Prods and pleas: limited government in an era of unlimited harm.

Author:Ewing, Benjamin
 
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INTRODUCTION I. TO PROD AND PLEAD, OR PUNT? II. TORT LAW AND CHANGING CLIMATES III. BEFORE THE LAW SITS A GATEKEEPER A. The Political Question Doctrine B. Standing 1. Injury-in-Fact 2. Traceability and Redressability 3. Prudential Standing 4. Parens Patriae Standing C. Implied Preemption and Displacement IV. THE ACTIVE VIRTUES OF COMMON LAW ADJUDICATION A. Separation of Powers B. Rule of Law CONCLUSION INTRODUCTION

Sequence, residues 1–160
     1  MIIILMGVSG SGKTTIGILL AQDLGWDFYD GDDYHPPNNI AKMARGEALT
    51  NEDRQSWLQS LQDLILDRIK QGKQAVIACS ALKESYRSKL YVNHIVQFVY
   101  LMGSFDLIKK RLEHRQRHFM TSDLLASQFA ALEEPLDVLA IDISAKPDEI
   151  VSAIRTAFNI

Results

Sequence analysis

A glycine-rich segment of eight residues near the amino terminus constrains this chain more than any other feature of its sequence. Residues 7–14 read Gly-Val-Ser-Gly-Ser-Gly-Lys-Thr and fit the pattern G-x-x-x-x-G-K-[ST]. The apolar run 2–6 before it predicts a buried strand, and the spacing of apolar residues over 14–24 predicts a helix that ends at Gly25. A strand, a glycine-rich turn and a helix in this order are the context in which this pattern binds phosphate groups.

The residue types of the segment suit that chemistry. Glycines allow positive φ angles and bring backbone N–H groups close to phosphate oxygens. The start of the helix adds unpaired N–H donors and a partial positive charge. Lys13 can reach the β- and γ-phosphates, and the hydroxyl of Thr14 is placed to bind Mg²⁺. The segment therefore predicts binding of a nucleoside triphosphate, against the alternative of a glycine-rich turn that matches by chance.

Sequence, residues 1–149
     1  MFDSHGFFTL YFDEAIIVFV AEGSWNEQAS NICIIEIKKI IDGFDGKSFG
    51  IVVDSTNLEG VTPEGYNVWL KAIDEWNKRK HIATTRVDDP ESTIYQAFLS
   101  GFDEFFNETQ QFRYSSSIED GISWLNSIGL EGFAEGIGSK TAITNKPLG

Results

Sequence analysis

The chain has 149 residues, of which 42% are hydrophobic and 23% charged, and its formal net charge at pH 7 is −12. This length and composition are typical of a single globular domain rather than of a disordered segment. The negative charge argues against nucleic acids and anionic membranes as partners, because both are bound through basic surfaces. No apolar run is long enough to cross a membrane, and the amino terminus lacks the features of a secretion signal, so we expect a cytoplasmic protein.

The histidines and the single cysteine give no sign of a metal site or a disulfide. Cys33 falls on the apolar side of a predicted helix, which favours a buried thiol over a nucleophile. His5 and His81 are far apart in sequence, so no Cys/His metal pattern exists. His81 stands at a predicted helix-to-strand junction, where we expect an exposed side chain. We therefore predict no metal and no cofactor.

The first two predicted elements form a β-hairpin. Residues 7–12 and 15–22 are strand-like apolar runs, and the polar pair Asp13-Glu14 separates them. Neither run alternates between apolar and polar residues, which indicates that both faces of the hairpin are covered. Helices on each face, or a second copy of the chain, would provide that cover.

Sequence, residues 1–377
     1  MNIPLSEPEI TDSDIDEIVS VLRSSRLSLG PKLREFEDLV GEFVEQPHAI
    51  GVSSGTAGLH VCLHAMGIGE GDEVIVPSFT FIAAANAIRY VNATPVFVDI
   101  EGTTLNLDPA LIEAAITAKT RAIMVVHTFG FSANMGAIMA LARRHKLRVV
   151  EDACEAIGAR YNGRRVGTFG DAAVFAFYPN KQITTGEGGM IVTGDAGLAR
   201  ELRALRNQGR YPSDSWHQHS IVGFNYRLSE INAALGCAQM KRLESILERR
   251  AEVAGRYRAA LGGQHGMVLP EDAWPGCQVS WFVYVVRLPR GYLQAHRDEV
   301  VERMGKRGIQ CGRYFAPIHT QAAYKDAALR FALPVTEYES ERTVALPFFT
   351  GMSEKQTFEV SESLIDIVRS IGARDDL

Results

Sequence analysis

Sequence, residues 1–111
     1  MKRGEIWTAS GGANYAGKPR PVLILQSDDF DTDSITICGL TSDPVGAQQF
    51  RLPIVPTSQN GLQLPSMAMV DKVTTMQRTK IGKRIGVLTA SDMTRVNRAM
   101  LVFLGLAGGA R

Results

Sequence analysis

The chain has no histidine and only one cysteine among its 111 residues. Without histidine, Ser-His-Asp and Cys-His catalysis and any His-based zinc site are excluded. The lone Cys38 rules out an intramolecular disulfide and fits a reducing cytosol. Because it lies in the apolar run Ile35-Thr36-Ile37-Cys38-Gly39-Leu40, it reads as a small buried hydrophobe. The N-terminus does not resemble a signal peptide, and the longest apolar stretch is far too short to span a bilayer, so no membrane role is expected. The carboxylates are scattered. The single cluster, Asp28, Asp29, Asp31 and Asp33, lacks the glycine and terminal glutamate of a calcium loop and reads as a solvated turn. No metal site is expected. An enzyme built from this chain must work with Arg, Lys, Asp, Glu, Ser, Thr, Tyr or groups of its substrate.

Society today faces realistic threats of unlimited harm. This is true in at least two important senses. First, the sources of some injuries are now so numerous and dispersed, or so unpredictable and evasive, as to be unregulable in any traditional fashion. Climate change is the obvious example. As we are repeatedly reminded, domestic efforts to mitigate greenhouse gas emissions will matter naught without a mechanism for limiting the remainder of the globe's nearly seven billion anthropogenic emitters. Global economic risk is similarly diffuse and wide-reaching. Interlinkages of finance and trade create opportunities for growth and efficiency but also render any individual jurisdiction vulnerable to systemic risks arising from far outside its regulatory purview. The frequency and density of international travel and migration create a similar dilemma with respect to infectious diseases and the risk of global pandemics. Threats of terrorism are not pervasive in this sense, but they may still be practically unlimited. Clandestine weapons markets and global communications channels enable the recruiting of anyone anywhere into the cause of destruction. The pipeline of recruitment may be monitored, perhaps even constricted, but it may not be shut off.